These findings show the value of pain assessment long after hospital discharge in patients undergoing either minor or major operations is highlighted by these findings. Measurement of pain intensity on POD 10 can be readily implemented in current clinical practice. POD 10 is around the time patients return for a postoperative assessment. Thus, a deliberate pain assessment would facilitate early identification of patients requiring more intensive postoperative pain management or other multimodal pain interventions. We found improved discriminative capacity for average pain on POD 10 to predict persistent pain 90 days after CTR or TFR compared to prior research . Future work to replicate our current findings and assess additional outcomes including postoperative opioid cessation and surgical recovery are needed to understand the importance of this acute pain descriptor. In addition, future work should begin to explore candidate early interventions to improve 90-day outcomes among that group of patients identified as high risk by POD 10 average pain intensity. In our previous studies of perioperative minocycline and gabapentin, we observed that many patients were reluctant to participate in trials of preoperative or perioperative interventions to reduce the chance of developing chronic pain for two commonly cited reasons: (1) they believed themselves unlikely to be affected by such an outcome; and (2) they already have many very practical issues competing for their attention and time in the days leading up to their surgery. In contrast, patients experiencing greater-than-expected postoperative pain severity, especially by POD 10, are often quite eager to explore interventions that may ultimately prove in the future to reduce future pain and suffering. Efforts to replicate the significance of acute pain intensity on POD 10 in predicting postoperative pain resolution across a variety of operations is likely to improve identification of high-risk patients before pain becomes chronic and refractory to intervention.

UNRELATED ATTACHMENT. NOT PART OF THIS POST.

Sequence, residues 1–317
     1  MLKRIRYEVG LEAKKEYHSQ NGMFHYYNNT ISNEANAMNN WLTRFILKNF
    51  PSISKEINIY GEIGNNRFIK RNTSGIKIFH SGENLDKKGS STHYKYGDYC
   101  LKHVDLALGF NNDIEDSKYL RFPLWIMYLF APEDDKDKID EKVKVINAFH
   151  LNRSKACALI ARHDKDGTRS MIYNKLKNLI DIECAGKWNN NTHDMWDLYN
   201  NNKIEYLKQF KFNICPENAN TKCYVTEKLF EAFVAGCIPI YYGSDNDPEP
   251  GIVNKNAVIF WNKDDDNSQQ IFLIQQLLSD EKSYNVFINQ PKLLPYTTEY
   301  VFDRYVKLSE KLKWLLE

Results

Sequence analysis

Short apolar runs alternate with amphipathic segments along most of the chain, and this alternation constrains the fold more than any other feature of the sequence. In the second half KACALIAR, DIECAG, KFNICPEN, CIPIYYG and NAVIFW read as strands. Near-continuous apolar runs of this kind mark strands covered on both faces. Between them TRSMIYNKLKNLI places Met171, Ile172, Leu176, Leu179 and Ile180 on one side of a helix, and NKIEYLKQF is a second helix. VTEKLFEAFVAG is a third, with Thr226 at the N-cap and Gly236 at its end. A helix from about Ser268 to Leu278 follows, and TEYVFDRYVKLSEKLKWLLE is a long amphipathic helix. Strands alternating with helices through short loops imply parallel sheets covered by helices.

Another application is to consider subacute pain intensity on POD 10 as a surrogate endpoint for the development of CPSP. Thus, average pain intensity reported on POD 10 may be considered a surrogate endpoint for the development of CPSP. Preliminary or pilot clinical trials could be conducted while sparing resources. Our study involved 3917 assessments of postoperative pain with longitudinal follow-up to 2 years after the operation. A surrogate endpoint would allow for a significant decrease in resources for follow-up assessments. However, an important question is whether interventions that significantly improve pain intensity on POD 10 consistently decrease the incidence of CPSP.